The same day US President Barack Obama made a campaign stop in Iowa to push for an extension of the production tax credit (PTC), Republican hopeful Mitt Romney appeared at a coal mine in Ohio to talk about his plan for energy independence through a strategy largely focused on fossil fuels.
It was a vivid illustration of the political split on energy issues that has emerged during this US election campaign, and on wind energy in particular. Support for renewing the $0.022/kWh PTC, which is set to expire at the end of this year, has become a regular feature of Obama's speeches.
His recent address to the Democratic National Convention promised "a better path" forward, with calls for an end to oil-industry subsidies and the implementation of energy initiatives that, although they do not exclude continued fossil fuel development, are heavily tinged with green.
Romney, by contrast, has hit hard against his opponent's support for renewable energy. In an earlier comment piece in the conservative-leaning Columbus Dispatch, he accused Obama of trying to replace "real energy" with "an imaginary world where government-subsidised wind mills and solar panels could power the economy".
Romney on renewables
Romney and his vice-presidential running mate, Paul Ryan, have argued that the PTC should be left to lapse. And while Romney includes renewables in the list of energy resources that North America needs to take "full advantage" of, he thinks the federal government should focus efforts on funding research and relaxing regulatory barriers.
"The same policies that will open access to land for oil, gas and coal development can also open access for the construction of wind, solar, and hydropower facilities. Strengthening and streamlining regulations and permitting processes will benefit the development of both traditional and alternative energy sources," Romney's energy plan states.
But an Obama win will not necessarily set the sector on a path to long-term policy stability, nor will the election of Romney necessarily mark an end of federal support for wind.
Seats up for grabs
All 435 seats in the House of Representatives, the lower chamber of the US Congress, and 33 out of the 100 seats in the Senate, the upper house, are also up for grabs in the 6 November poll. The results will have a significant impact on what the next president is able to accomplish.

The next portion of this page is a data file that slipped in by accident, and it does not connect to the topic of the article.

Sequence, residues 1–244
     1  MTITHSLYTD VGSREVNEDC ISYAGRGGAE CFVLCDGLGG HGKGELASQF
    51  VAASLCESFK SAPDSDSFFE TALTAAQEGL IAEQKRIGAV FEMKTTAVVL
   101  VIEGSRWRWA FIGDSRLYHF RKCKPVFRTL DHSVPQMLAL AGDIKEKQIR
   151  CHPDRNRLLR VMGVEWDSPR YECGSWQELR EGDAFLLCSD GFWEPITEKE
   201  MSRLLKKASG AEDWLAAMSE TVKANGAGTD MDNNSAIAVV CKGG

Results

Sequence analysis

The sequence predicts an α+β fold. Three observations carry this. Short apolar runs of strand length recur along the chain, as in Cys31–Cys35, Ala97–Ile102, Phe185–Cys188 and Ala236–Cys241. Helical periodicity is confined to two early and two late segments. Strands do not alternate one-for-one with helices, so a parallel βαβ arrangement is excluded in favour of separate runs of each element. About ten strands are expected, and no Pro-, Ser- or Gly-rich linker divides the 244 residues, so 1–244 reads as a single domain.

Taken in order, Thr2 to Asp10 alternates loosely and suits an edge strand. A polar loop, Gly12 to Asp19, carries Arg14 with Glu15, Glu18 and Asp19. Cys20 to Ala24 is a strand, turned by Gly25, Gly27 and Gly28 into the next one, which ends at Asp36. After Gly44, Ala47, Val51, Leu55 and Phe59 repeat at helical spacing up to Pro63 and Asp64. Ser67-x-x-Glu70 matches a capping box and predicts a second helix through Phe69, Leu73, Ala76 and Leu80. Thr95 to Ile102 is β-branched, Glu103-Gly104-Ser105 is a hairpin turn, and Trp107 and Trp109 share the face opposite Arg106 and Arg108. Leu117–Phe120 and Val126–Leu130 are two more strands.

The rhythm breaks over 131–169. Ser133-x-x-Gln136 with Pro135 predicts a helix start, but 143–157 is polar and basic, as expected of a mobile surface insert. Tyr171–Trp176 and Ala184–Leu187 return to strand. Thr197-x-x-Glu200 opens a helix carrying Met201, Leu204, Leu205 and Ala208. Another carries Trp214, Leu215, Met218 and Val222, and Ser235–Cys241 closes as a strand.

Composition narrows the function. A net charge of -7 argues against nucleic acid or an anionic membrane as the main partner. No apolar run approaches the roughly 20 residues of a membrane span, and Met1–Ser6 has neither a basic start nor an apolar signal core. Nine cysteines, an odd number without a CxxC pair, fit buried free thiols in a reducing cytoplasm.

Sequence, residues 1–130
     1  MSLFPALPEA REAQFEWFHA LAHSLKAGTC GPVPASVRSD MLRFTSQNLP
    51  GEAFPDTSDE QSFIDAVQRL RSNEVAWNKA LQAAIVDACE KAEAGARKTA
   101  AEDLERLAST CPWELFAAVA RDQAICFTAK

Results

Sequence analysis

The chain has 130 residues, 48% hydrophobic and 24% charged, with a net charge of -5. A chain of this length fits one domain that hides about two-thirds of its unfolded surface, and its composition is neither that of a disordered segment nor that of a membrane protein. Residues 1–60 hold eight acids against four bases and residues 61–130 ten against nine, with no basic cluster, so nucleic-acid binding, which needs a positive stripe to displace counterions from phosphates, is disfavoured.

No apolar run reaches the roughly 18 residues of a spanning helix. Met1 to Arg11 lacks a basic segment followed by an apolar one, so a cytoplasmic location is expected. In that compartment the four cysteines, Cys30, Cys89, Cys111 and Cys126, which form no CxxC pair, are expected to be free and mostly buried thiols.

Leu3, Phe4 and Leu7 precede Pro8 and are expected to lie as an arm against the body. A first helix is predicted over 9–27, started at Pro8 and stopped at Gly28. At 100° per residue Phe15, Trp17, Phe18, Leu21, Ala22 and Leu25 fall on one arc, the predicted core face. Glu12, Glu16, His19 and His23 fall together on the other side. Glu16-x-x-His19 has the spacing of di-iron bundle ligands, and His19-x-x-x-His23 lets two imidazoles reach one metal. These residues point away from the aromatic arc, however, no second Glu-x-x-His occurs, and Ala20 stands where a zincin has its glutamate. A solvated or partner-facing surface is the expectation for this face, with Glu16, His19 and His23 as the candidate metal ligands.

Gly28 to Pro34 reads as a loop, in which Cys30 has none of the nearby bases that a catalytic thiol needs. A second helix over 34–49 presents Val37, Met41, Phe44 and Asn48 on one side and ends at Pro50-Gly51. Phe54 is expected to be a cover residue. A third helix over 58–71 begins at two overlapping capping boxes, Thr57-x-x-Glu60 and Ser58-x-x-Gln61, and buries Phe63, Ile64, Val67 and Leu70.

"Whether it is Obama or Romney, there is still Congress to contend with," said Christine Tezak, research director at consulting firm Clearview Energy Partners.
Only Congress can pass legislation and, at this point, political partisanship has ramped up to a point where very little gets to the president's desk to be signed into law.
That will likely continue to be the case, said Keith Martin, a partner at law firm Chadbourne & Parke. "The only possible outcome from the election that could change the dynamic is one that is not very pleasing to the renewable energy industry - and that is if the Republicans sweep the White House and the Senate and retain the House. Then they will be in control," he said. "Anything else is likely to be a source of further gridlock because the Democrats are unlikely to take control of the House away from the Republicans."
Still, said Martin, the odds of a PTC extension are greatest if Obama wins and the Democrats retain control of the Senate. Obama is unlikely, however, to make much headway in his goal of implementing a clean energy standard that would see 80% of US electricity come from wind, solar, nuclear, natural gas and clean coal by 2035. "It is just too controversial at this stage," said Martin.
A Romney win would not end the chances of a PTC extension. In fact, said Tezak, it could improve the likelihood of it happening before he takes office in January. There is Republican support for the credit in the current Congress - not surprisingly, given the fact that, according to the American Wind Energy Association, 81% of US wind farms are in Republican-held electoral districts.